# how can i define a variable type for 0..359.99?

[b]0..359 would be easy:[/b]

TYPE
degrees = 0..359

[b]i guess 0..359.99 is, too, but[/b]

TYPE
degrees = 0..359.99

[b]does not work

who knows an answer for my problem?
thanks
[italic]chobo[/italic][/b]

## Comments

• : [b]0..359 would be easy:[/b]
:
: TYPE
: degrees = 0..359
:
: [b]i guess 0..359.99 is, too, but[/b]
:
: TYPE
: degrees = 0..359.99
:
: [b]does not work
:
: who knows an answer for my problem?
: thanks
: [italic]chobo[/italic][/b]
:

Why don't you just read TP help? It says that [b]subrange types[/b]
can only use [b]ordinal[/b] types as host. Real type is not an
ordinal so value such as 359.99 cannot be used.
The simplest but not fastest solutuion is to use 0..35999 and
divide it by 100 every time you need it.

Iby

• : Why don't you just read TP help? It says that [b]subrange types[/b]
: can only use [b]ordinal[/b] types as host. Real type is not an
: ordinal so value such as 359.99 cannot be used.
: The simplest but not fastest solutuion is to use 0..35999 and
: divide it by 100 every time you need it.
:
:
: Iby

thanks iby,
i read the help before, but it appears i didn't understand all of it.

well then, what [b]is[/b] the fastest solution?

even if you don't know, thanks again
[italic][b]chobo[/b][/italic]

• : : Why don't you just read TP help? It says that [b]subrange types[/b]
: : can only use [b]ordinal[/b] types as host. Real type is not an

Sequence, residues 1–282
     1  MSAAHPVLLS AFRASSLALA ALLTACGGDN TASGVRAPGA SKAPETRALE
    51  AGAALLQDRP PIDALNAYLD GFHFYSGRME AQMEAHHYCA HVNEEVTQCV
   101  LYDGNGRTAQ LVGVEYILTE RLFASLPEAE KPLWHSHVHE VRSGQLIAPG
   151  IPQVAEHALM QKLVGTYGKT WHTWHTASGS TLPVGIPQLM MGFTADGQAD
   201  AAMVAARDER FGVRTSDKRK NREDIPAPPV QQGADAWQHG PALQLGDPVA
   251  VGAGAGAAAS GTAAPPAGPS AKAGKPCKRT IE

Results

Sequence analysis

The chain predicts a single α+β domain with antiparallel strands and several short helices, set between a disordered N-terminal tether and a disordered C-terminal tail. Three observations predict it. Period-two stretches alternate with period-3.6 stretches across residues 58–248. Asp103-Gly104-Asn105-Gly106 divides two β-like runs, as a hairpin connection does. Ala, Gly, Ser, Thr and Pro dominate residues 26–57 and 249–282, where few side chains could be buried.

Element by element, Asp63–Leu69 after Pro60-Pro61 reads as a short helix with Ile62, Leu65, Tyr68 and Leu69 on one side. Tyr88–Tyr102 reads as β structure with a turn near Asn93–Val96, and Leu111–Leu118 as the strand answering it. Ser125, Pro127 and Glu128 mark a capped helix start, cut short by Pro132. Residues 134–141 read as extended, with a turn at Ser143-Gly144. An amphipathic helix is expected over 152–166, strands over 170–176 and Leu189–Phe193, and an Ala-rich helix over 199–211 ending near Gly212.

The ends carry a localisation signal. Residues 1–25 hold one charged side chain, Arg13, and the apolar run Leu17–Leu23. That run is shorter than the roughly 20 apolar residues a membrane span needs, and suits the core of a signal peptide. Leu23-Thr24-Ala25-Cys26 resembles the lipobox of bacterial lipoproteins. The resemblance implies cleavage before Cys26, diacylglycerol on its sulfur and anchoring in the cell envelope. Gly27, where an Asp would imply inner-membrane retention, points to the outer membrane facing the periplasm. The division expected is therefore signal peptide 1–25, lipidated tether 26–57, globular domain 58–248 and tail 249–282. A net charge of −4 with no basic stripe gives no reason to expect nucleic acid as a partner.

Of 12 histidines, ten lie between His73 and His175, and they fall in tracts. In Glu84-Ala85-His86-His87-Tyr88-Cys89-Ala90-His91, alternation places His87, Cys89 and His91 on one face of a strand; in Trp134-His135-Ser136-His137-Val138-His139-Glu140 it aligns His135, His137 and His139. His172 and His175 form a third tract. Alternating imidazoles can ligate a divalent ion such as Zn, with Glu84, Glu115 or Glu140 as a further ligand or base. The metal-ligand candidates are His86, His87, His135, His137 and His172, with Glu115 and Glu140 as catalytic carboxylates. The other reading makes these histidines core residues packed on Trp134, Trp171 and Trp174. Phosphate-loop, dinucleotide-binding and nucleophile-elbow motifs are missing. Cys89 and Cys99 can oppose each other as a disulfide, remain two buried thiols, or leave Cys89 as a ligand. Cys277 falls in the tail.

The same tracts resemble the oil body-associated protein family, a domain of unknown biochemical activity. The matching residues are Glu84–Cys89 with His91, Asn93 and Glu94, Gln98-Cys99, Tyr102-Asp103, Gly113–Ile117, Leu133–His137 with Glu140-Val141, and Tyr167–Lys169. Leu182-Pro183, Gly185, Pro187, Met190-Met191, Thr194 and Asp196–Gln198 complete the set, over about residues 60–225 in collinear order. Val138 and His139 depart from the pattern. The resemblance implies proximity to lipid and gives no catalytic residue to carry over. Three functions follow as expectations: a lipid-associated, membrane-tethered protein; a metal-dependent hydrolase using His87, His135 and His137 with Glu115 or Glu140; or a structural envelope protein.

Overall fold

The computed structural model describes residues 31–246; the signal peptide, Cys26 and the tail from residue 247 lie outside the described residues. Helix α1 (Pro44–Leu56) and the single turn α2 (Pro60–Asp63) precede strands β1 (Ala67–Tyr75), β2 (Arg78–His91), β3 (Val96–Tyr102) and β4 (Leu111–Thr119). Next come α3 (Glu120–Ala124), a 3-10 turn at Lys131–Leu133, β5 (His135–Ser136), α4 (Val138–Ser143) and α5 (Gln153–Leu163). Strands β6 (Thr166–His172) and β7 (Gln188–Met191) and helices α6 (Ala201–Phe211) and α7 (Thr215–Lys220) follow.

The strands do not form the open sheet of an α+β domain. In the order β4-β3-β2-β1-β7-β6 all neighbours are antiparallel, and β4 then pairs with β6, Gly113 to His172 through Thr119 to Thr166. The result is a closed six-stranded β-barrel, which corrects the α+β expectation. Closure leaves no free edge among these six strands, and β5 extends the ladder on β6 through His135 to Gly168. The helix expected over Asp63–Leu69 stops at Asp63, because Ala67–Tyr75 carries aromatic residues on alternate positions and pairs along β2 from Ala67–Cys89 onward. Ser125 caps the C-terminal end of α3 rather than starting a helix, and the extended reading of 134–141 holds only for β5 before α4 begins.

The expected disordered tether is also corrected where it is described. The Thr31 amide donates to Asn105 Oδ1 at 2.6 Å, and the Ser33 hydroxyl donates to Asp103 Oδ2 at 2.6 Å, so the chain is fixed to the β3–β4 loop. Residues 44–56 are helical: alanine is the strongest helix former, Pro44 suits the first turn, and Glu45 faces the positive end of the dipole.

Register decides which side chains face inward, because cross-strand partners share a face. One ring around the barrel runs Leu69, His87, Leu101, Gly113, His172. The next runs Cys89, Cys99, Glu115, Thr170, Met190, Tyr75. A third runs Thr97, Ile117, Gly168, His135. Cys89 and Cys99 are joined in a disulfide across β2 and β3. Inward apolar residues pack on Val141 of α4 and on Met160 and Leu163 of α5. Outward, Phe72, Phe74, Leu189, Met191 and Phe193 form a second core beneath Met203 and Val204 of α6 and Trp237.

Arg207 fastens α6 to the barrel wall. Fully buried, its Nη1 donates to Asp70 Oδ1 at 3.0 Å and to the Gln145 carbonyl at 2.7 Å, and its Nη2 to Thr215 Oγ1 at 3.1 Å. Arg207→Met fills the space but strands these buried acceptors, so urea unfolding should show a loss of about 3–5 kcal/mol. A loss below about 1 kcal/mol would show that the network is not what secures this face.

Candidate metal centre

: : ordinal so value such as 359.99 cannot be used.
: : The simplest but not fastest solutuion is to use 0..35999 and
: : divide it by 100 every time you need it.
: :
: :
: : Iby
:
: thanks iby,
: i read the help before, but it appears i didn't understand all of it.
:
: well then, what [b]is[/b] the fastest solution?
:
: even if you don't know, thanks again
: [italic][b]chobo[/b][/italic]
:

The fastest solution for any calculation is (as always)
use look-up table(s) (it seams you want to do some vectors).
If this is not acceptable solution (space requirement for
tables, for example), then next best (and most elegant)
solution is use of fixed comma math.

Iby

• : The fastest solution for any calculation is (as always)
: use look-up table(s) (it seams you want to do some vectors).
: If this is not acceptable solution (space requirement for
: tables, for example), then next best (and most elegant)
: solution is use of fixed comma math.
:
: Iby
:

me so chobo, ya gosu style programmer, ya ownzzzz me all...
well, i guess i'll have to do the dividing by 100 thing, since i don't understand the other solutions...
or, if thei're short... could you write them down for me?
if they are [b]not[/b] short, i think i wouldn't understand them anyway...

thanks again, you were a big help for me already
[italic][b]chobo[/b][/italic]

• : : The fastest solution for any calculation is (as always)
: : use look-up table(s) (it seams you want to do some vectors).
: : If this is not acceptable solution (space requirement for
: : tables, for example), then next best (and most elegant)
: : solution is use of fixed comma math.
: :
: : Iby
: :
:
: me so chobo, ya gosu style programmer, ya ownzzzz me all...
: well, i guess i'll have to do the dividing by 100 thing, since i don't understand the other solutions...
: or, if thei're short... could you write them down for me?
: if they are [b]not[/b] short, i think i wouldn't understand them anyway...
:
: thanks again, you were a big help for me already
: [italic][b]chobo[/b][/italic]
: